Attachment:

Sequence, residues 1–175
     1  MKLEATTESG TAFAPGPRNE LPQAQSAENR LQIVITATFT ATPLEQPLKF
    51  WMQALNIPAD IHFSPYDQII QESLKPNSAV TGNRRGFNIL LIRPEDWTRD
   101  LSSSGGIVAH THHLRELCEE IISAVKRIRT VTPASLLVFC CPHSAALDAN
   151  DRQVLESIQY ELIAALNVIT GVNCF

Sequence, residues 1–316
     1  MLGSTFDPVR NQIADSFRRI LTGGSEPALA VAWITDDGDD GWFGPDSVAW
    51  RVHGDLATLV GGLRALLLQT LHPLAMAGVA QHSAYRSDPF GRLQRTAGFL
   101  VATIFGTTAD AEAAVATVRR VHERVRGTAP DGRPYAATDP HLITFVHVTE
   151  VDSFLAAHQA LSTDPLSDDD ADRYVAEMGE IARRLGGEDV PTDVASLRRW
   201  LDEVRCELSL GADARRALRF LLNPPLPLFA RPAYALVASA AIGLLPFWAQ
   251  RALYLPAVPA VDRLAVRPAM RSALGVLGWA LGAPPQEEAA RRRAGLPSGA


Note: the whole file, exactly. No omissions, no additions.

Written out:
Sequence, residues 1–175
     1  MKLEATTESG TAFAPGPRNE LPQAQSAENR LQIVITATFT ATPLEQPLKF
    51  WMQALNIPAD IHFSPYDQII QESLKPNSAV TGNRRGFNIL LIRPEDWTRD
   101  LSSSGGIVAH THHLRELCEE IISAVKRIRT VTPASLLVFC CPHSAALDAN
   151  DRQVLESIQY ELIAALNVIT GVNCF

Sequence, residues 1–316
     1  MLGSTFDPVR NQIADSFRRI LTGGSEPALA VAWITDDGDD GWFGPDSVAW
    51  RVHGDLATLV GGLRALLLQT LHPLAMAGVA QHSAYRSDPF GRLQRTAGFL
   101  VATIFGTTAD AEAAVATVRR VHERVRGTAP DGRPYAATDP HLITFVHVTE
   151  VDSFLAAHQA LSTDPLSDDD ADRYVAEMGE IARRLGGEDV PTDVASLRRW
   201  LDEVRCELSL GADARRALRF LLNPPLPLFA RPAYALVASA AIGLLPFWAQ
   251  RALYLPAVPA VDRLAVRPAM RSALGVLGWA LGAPPQEEAA RRRAGLPSGA